The United Corporations of America
By Ezra Klein
I don't usually attempt to assign articles to writers who specialize in policing America's foreign policy for insufficient displays of muscular nationalism, but if any such writers are reading this blog and looking for something to do, they might want to head down to the 2010 World Expo in Shanghai.
To set the scene, check out this Huffington Post slideshow. Countries put some effort into the Expo: China spent about $50 billion building the infrastructure for the event. Saudi Arabia's pavilion is an elevated oasis complete with palm trees. Switzerland's pavilion is all sleek lines and metal brushstrokes surrounded by a soft netting of maroon spheres. South Korea's effort is an explosion of colors and cubes and contrasts. Britain created a planet of brushed silver and adorned it with more than 60,000 transparent rods. America? Well, we appear to have built a Circuit City.
The inattention to aesthetics might work as a signal of power and wealth, like Bill Gates being rich enough to wear denim when he goes to meet the queen. But then you get to the three videos that make up America's message to the word. Message? We're bad at languages, in hock to corporations, and able to set up gardens when children shame us into doing so.
The first video is six minutes of cute slapstick as Americans try, and fail, to pronounce Chinese words. If the Chinese thought they could overrun the U.S. and get us speaking Mandarin, this video decisively proves that at least half of that project will be difficult. The second video uses messages from Hillary Clinton and Barack Obama to bookend a long series of advertisements from the pavilion's corporate sponsors, including a representative from Chevron who tells us that oil will have to be part of our energy future and actually uses their marketing buzzwords "human energy." When Obama finishes, the screen dissolves to text thanking Citibank for its sponsorship. For good measure, that video plays in the Citibank room. The third video is an inoffensive parable in which a young girl galvanizes her neighborhood to plant a garden. That video was sponsored by PepsiCo, and shown in the Pfizer room.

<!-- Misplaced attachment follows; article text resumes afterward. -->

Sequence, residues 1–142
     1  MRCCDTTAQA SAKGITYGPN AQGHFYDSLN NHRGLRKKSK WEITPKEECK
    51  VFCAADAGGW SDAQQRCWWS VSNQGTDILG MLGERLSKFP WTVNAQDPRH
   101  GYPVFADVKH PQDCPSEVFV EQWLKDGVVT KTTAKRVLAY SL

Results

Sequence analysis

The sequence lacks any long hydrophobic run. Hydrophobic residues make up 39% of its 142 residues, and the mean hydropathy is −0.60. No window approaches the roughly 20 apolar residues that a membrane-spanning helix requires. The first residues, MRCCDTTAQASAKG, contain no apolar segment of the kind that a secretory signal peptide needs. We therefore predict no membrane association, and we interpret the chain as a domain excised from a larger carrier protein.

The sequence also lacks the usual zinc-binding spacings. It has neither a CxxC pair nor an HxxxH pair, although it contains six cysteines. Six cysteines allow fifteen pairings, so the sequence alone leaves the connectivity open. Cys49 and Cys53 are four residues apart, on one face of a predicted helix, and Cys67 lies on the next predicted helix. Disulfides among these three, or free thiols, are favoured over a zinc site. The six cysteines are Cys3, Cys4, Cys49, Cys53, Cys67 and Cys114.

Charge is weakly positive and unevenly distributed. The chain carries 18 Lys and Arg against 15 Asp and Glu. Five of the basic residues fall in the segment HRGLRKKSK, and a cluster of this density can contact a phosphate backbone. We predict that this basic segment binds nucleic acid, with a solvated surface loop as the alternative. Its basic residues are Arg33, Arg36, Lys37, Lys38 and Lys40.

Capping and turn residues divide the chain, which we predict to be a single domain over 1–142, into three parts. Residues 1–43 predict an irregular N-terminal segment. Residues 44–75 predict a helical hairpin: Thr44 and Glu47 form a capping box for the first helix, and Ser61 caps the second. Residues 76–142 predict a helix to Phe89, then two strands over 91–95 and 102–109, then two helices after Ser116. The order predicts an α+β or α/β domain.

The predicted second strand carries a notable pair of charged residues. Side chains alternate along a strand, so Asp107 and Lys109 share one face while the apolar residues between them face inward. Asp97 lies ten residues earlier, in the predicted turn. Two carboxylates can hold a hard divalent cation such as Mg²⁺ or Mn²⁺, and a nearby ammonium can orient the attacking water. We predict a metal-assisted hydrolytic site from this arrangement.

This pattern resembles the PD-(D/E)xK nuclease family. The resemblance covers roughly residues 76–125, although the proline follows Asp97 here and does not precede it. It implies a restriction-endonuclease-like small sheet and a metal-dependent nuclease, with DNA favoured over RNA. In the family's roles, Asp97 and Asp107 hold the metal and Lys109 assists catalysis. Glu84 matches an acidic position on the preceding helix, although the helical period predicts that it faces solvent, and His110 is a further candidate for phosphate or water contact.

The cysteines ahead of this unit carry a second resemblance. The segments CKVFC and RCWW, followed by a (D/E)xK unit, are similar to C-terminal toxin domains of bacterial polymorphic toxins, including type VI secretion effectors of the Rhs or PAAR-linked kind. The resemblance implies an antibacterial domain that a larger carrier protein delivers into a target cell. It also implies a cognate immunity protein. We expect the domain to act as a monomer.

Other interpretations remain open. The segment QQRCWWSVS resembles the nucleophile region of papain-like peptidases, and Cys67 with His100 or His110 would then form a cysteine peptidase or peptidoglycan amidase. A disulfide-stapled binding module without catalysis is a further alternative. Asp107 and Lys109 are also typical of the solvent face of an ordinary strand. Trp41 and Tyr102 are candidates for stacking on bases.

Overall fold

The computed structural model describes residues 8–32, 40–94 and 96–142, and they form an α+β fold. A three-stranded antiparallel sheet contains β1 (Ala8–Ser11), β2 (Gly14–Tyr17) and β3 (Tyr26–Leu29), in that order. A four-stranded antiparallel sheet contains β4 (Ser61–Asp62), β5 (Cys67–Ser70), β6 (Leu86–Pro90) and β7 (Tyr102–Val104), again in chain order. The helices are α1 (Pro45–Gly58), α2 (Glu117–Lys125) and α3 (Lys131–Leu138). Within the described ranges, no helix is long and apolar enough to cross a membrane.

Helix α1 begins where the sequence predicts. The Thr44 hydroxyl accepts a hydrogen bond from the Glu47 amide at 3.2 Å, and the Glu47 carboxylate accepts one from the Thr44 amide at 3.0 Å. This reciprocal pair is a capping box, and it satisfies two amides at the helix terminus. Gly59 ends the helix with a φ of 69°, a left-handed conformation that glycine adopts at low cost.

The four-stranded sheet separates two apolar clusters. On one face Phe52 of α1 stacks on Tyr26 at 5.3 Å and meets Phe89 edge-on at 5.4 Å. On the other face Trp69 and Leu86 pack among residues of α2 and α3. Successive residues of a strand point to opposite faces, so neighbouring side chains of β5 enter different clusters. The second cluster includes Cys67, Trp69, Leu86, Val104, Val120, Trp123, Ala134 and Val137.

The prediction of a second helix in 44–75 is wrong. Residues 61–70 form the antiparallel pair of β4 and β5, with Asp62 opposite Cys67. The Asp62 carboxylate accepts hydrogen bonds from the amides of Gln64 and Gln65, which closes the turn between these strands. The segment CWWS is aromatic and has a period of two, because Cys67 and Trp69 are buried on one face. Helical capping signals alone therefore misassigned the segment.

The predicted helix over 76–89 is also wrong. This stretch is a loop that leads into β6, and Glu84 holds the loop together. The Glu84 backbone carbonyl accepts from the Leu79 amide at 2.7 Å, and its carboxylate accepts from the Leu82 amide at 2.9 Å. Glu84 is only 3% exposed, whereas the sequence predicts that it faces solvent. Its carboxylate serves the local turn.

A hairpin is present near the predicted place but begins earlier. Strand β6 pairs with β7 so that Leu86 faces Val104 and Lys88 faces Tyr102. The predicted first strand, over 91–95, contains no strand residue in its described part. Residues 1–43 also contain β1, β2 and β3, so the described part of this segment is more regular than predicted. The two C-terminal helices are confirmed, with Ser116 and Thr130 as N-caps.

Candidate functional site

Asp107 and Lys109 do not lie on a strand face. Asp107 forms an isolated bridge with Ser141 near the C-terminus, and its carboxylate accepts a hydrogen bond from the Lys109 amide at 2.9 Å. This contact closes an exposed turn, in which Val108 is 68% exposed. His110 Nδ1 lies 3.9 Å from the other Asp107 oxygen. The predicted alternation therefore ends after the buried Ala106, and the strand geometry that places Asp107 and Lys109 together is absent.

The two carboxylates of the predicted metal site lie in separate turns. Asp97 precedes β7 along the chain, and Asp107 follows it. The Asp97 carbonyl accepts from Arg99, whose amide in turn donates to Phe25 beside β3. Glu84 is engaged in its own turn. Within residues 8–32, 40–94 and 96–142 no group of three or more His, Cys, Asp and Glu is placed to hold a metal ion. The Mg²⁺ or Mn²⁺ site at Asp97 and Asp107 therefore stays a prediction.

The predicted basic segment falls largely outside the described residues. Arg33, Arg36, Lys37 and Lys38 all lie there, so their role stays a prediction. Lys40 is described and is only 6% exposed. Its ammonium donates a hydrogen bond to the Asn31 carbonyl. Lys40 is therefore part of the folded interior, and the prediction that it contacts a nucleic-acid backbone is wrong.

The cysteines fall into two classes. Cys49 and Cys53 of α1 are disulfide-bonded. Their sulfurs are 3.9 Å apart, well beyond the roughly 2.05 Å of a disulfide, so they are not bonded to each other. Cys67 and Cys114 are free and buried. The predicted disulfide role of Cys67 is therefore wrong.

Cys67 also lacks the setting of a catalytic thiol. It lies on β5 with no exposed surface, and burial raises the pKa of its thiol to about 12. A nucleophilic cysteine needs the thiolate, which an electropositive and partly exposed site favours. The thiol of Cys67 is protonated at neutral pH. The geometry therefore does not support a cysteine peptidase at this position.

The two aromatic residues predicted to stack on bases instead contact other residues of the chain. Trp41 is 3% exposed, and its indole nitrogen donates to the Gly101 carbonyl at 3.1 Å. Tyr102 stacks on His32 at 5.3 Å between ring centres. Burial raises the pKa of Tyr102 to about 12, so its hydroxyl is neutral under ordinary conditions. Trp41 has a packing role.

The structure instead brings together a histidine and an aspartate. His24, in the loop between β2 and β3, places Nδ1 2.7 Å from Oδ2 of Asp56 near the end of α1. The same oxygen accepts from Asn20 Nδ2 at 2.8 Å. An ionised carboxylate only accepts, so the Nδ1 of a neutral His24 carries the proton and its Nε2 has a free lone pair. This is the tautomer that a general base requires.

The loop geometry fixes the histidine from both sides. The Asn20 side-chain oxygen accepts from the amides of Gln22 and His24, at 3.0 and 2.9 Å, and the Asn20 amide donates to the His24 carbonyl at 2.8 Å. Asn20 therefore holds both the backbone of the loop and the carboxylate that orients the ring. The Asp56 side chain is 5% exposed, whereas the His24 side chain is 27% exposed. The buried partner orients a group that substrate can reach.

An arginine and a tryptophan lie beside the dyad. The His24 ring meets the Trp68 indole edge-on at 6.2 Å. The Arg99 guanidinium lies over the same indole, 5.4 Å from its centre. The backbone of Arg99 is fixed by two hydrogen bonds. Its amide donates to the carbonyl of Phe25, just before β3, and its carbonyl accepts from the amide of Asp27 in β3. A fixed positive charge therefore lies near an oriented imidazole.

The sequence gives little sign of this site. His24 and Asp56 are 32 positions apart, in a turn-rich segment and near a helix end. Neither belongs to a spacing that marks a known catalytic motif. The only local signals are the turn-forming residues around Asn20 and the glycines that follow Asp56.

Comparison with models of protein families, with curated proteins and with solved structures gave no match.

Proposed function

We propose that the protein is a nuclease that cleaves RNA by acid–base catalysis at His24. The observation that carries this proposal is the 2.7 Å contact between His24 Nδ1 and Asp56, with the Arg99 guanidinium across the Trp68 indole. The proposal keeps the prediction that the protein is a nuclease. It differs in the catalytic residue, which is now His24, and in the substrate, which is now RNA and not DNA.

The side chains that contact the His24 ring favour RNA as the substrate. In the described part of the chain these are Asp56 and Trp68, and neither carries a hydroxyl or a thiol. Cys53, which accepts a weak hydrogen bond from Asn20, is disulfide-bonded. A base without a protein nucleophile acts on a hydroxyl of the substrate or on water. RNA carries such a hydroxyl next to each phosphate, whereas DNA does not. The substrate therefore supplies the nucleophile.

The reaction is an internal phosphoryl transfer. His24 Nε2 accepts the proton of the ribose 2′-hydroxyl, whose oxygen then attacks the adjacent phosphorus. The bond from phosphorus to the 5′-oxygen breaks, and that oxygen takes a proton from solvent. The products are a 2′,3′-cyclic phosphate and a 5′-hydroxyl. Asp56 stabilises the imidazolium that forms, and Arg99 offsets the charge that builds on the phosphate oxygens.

The backstory is that there's a law barring public money from being spent on exhibits for World Expos. But the Expo was important to China and sitting it out would've been a snub. So Secretary of State Hillary Clinton began begging corporations for funds. PepsiCo, Visa, Pfizer, the New York Stock Exchange, General Electric, Johnson & Johnson, Chevron and Alcoa were among the sponsors who eventually coughed up some cash. According to the New York Times, representatives of at least some of those companies enjoyed dinner with the secretary in appreciation for their kind donations. If that's the cost of going the private route, it seems like it would be cheaper to just pay for this sort of thing with public money. And a side benefit would be that the millions of attendees at the summit would see the United States of America rather than the United Corporate Entities of America.
On the bright side, our pavilion is way better than North Korea's, which bills itself as a "paradise for people," is helpfully located right next to Iran's pavilion, and which was the only country I saw that took the capitalist approach to the enterprise and would let you exchange money for souvenirs.
Photo credit: Pam Houle/CC.
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